Daily Morning Report 02.02.2017
The Australian and New Zealand dollars were higher against their U.S. counterpart on Today, helped by upbeat data from Australia and after the Federal Reserve decided to leave interest rates unchanged.
AUD/USD climbed 0.69% to 0.7641, the highest since November 10.
The Australian Bureau of Statistics reported on Today that building approvals declined by 1.2% in December, compared to expectations for a 2.0% drop.
Building approvals increased by 7.5% in November, whose figure was revised from a previously estimated 7.0% rise.
A separate report showed that Australia’s trade surplus widened to A$3.511 billion in December from A$2.040 billion in November, whose figure was revised from a previously estimated surplus of A$1.243 billion.
Analysts had expected the trade surplus to hit A$2.200 billion in December.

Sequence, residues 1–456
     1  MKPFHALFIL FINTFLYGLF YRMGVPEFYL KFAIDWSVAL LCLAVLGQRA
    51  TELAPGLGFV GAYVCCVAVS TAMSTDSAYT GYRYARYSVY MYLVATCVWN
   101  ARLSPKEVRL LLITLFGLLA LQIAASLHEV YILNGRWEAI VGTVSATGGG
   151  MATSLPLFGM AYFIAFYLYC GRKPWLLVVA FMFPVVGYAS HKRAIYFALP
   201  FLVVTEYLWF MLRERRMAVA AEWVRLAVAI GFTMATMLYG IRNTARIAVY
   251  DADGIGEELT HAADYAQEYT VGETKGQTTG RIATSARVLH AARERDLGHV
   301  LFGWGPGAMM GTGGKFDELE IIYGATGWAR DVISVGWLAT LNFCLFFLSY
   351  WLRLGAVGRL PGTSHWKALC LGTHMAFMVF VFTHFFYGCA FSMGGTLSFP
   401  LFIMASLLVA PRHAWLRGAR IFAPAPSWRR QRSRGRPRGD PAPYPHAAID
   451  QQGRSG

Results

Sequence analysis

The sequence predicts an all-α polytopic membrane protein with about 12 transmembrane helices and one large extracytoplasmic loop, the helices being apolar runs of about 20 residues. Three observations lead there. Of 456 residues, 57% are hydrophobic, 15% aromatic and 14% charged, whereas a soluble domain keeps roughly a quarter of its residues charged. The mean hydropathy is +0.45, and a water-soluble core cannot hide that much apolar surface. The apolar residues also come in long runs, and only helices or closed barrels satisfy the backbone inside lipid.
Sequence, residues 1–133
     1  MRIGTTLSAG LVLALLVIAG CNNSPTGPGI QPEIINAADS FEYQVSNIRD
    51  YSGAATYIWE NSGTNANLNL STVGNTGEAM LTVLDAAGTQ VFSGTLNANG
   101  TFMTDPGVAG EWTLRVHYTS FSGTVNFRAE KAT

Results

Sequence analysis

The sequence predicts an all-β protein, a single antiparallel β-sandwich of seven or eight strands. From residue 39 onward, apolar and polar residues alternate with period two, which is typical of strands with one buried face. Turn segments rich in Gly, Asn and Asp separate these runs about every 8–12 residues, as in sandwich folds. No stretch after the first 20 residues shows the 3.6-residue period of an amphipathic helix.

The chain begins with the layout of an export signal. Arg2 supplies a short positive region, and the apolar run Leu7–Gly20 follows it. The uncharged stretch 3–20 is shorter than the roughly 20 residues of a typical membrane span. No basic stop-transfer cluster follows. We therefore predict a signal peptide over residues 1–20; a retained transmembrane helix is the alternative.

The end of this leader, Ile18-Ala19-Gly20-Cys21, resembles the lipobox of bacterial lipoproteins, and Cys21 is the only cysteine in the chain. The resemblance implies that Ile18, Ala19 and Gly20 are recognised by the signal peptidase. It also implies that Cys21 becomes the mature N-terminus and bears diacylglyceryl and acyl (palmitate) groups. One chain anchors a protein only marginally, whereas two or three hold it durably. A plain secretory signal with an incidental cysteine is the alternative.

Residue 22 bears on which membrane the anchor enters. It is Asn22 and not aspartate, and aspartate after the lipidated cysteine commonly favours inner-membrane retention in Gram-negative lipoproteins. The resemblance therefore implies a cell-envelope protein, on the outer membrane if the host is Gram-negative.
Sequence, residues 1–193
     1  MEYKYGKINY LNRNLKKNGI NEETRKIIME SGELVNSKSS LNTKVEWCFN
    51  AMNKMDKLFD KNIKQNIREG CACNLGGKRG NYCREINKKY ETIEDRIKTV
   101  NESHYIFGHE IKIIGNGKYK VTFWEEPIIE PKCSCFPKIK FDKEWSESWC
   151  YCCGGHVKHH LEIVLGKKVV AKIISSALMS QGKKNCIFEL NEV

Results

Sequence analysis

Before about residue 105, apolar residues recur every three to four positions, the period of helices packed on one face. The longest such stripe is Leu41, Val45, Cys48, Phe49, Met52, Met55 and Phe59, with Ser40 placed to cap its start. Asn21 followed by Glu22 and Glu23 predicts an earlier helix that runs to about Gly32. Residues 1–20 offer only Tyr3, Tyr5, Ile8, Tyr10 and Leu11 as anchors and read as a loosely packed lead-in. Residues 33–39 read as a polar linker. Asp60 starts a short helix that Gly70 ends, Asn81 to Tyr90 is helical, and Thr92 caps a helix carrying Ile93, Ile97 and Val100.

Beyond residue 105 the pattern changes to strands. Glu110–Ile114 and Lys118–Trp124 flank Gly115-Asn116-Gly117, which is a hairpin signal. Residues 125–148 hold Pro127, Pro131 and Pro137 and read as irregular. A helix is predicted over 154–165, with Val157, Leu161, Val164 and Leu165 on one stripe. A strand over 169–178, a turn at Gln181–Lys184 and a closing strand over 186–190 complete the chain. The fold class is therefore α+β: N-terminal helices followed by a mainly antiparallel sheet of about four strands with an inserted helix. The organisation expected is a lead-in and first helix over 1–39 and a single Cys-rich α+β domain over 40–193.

In other news, a telephone discussion between U.S. President Donald Trump and Australian Prime Minister Malcolm Turnbull was said to have ended badly.
Trump reportedly told Turnbull that the Australian-U.S. refugee deal brokered by the Obama administration “was the worst deal ever” when the latter attempted to secure confirmation that the U.S. would follow through with its promise.
NZD/USD edged up 0.15% to trade at 0.7290, not far from Tuesday’s nearly three-month peak of 0.7356.
Meanwhile, the greenback weakened after the Fed said, at the conclusion of its two-day policy meeting, that some market-based measures of inflation were still low.
However, the U.S. central bank also said that job creations remained solid, inflation had increased and economic confidence was rising.
The U.S. dollar index, which measures the greenback’s strength against a trade-weighted basket of six major currencies, was down 0.25% at 99.44, just off a two-and-a-half month low of 99.39.